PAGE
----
Last year, our state legislature considered a bill familiarly called the "ag-gag” bill, which sought to prevent whistleblowers from exposing animal abuse, unsafe working conditions and environmental violations on industrial farms. Once the public became aware, strong opposition stopped the bill.
What we may not have noticed is that bills of identical or almost identical wording were introduced in conservative-majority statehouses across the country. One explanation is that the measure was initiated by the Republican National Committee or a major conservative think tank. That’s not the case.
If we were paying attention, we would’ve noticed presumably coincidental legislative events in red states across the country, including Tennessee, involving bills to limit workplace rights and labor standards, to complicate voting rights, to instate “stand your ground” policies, to use public monies to subsidize private K-12 schools and to attack teachers and their unions. None of these bills originated with the Republican National Committee, and likely none was conceived or written by the legislator who introduced it.
These bills are the latest of hundreds introduced over decades from a common source — the American Legislative Exchange Council. ALEC wasn’t on the public radar until 2011, when a whistleblower handed the Center for Media and Democracy an exposé of the history and inner workings of the organization and copies of 800 model bills of the 1,000 or so that have now been written and approved by ALEC members.
This is no recent development. ALEC is 40 this year, having kept its work secret for 37 years.
ALEC is made up of two different memberships. One set are major corporations and conservative nonprofits that pay annual dues from $2,500 to $10,000. Their job is to write model legislation designed to serve their profit interests. Conditions seldom proved conducive for advancing their legislation nationally, so they concocted the ingenious ploy to accomplish their goals state by state.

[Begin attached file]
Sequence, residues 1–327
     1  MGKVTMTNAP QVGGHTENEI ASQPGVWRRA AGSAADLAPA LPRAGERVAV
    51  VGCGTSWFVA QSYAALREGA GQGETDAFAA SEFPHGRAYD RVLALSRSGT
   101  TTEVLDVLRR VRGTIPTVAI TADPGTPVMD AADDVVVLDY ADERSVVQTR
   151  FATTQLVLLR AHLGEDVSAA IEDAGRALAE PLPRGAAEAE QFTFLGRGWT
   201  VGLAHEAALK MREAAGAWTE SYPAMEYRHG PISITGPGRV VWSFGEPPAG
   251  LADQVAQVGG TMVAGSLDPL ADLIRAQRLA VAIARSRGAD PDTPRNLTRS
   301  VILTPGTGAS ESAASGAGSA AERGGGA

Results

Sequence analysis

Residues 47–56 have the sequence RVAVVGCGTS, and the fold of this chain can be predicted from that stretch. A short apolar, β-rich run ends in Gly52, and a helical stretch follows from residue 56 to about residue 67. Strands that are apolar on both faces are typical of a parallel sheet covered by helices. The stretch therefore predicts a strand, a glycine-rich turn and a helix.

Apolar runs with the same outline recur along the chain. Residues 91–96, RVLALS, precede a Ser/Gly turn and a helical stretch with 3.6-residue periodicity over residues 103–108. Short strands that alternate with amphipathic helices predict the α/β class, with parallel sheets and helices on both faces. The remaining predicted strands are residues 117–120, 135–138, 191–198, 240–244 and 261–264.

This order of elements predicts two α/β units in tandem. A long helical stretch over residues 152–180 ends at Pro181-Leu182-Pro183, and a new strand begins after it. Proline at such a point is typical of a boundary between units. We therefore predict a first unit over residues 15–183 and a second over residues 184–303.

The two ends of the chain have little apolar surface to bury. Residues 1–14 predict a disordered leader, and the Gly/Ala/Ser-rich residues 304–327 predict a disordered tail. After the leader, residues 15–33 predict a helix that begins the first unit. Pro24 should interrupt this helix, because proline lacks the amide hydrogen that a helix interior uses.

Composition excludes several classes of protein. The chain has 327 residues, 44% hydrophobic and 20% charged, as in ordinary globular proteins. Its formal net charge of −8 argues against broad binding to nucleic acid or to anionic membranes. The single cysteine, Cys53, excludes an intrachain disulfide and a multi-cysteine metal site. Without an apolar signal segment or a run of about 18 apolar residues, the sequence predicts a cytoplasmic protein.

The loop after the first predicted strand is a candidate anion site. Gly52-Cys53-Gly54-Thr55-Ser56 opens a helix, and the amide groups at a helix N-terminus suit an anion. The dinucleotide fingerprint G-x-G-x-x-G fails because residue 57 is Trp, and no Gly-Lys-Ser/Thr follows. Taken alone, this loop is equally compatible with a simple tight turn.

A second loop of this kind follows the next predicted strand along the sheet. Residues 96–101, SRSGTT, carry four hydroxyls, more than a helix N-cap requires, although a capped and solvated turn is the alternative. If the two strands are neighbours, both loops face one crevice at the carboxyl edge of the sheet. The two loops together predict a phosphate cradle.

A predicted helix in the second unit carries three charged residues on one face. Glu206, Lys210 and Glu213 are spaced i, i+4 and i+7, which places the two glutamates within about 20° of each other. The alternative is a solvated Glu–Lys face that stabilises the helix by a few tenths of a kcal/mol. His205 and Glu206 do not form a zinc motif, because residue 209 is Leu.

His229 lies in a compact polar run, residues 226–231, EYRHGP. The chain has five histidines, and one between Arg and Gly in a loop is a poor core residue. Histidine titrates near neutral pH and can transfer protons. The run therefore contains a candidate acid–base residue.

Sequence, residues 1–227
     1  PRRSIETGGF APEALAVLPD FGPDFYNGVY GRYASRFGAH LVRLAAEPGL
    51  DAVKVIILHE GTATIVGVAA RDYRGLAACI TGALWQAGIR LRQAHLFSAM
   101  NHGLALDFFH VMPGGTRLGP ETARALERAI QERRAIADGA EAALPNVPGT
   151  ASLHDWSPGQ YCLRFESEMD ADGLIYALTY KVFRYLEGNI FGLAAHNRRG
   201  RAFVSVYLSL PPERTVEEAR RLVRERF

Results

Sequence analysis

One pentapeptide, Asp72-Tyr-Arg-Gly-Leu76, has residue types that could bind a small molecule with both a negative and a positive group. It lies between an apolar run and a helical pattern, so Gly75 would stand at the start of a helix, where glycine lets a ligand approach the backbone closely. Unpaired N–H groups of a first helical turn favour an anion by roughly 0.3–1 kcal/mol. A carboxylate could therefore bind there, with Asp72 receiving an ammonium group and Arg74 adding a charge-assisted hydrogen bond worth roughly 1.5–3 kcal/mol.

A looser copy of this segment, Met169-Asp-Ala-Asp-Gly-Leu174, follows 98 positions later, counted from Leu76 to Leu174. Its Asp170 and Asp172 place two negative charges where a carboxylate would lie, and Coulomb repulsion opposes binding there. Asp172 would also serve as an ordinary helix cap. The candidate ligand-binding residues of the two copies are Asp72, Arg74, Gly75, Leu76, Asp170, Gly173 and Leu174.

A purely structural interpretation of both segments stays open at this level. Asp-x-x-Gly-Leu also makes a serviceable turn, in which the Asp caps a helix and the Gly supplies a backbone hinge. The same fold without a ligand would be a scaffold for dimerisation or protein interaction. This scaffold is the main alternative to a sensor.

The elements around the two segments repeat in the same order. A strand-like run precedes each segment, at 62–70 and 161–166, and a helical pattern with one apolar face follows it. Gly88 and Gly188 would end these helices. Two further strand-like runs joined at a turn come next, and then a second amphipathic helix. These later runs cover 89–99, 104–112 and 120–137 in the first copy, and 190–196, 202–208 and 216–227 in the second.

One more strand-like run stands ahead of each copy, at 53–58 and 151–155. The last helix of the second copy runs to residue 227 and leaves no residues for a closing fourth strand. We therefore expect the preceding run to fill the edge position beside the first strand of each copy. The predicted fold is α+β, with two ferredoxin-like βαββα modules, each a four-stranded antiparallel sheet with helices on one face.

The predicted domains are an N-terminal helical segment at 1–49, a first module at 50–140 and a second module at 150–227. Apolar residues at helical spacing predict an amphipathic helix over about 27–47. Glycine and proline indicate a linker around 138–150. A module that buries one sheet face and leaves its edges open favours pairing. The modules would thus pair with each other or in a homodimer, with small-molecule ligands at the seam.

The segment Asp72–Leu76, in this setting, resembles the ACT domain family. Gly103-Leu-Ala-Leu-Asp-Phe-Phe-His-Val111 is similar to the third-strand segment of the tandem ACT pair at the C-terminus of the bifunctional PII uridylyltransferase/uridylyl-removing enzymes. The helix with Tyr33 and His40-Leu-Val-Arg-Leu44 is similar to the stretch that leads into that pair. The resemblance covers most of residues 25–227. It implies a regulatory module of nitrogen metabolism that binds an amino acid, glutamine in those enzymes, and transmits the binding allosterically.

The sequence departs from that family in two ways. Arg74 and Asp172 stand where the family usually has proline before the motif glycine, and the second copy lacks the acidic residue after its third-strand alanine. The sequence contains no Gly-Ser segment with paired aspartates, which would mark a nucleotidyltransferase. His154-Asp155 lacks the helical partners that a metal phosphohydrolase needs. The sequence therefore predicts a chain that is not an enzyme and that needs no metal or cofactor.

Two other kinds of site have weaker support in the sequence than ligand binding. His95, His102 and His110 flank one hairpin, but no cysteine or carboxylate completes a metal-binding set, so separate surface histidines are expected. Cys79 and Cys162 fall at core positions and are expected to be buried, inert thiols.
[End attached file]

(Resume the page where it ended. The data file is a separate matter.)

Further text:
This is where the other level of membership comes in. ALEC woos state legislators for token dues of $50 a year and proceeds to coddle and reward them. For their $50, legislators get all-expense paid vacations, with their families, to some of the most lavish hotel/conference centers in the country, where ALEC holds annual summits to draft and approve model bills.
Summit budgets include as much as $250,000 for child care so parents can play. There are opportunities to rub shoulders with very important people, which can result in out-of-state contributions to campaign funds.
In exchange, legislators are asked to carry finalized bills back home to introduce as their own work, without disclosure that they had previously been drafted and voted on by corporations as a means to enhance profits.
ALEC’s 1,000 bills have wide scope. They’re designed to undermine safety regulations; limit patent rights; strip environmental protections; weaken worker and consumer rights; weaken wage, injured worker and labor standards; influence tax and budget policy; affect health care, Big Pharmacy, social welfare, energy, agriculture, voting and federal relations; privatize prisons; and undermine public education with schemes to shift public money to for-profit private schools.
Too many of the bills on the Tennessee legislative docket came easy. The Center for Media and Democracy/ALEC Exposed website lists the member legislators so far identified by state, if you’re interested, although they’d rather we not know.
It’s no coincidence that current red-state legislatures across the country are as focused on education as Tennessee’s is. All promote charter schools and voucher programs that drain public school resources to subsidize private schools while defending their unregulated status.
The ALEC Exposed site has texts of all their education bills and a clear 12-point summation of the approaches they will use to co-opt public money to advance their dream of an eventual completely privatized system.
It should be no surprise that the chair of the ALEC work group that authored the bill passed in Tennessee to make public money available for now-discredited online K-12 Inc. was the owner of K-12 Inc.
There also are ALEC bills that attempt to change colleges and universities.
Time spent at this website won’t be wasted. At the least, give some thought to one question: Who is likely to win when interests of children are weighed against corporate and shareholder profits?
There’s a reason for-profit colleges and universities receive more Pell Grant money than public or nonprofit institutions, but have dismal graduation rates — actually losing half the freshman before year’s end. The institution doesn’t have to give the money back whether or not they serve the students. The privateers have designs on public money, and that’s fact.
Dozens of major corporations and nonprofits have cut ties with ALEC since exposure. Public outcries over such issues as voting rights and “stand your ground” has weakened the organization.
Have no illusions though — ALEC is still a viable corporate collaboration determined to reshape our democracy, state by state.
That ought to matter, whatever our politics. It’s a cynical situation-ethics proponent who’d defend such insidious manipulation of our governing process.
Jennie Young of Elizabethton is a retired language arts teacher.